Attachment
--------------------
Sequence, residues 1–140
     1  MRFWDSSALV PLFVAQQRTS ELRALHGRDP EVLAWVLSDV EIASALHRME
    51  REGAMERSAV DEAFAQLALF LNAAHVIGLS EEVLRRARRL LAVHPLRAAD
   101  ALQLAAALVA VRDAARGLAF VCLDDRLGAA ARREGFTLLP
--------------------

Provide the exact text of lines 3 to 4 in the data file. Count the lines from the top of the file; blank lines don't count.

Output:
    51  REGAMERSAV DEAFAQLALF LNAAHVIGLS EEVLRRARRL LAVHPLRAAD
   101  ALQLAAALVA VRDAARGLAF VCLDDRLGAA ARREGFTLLP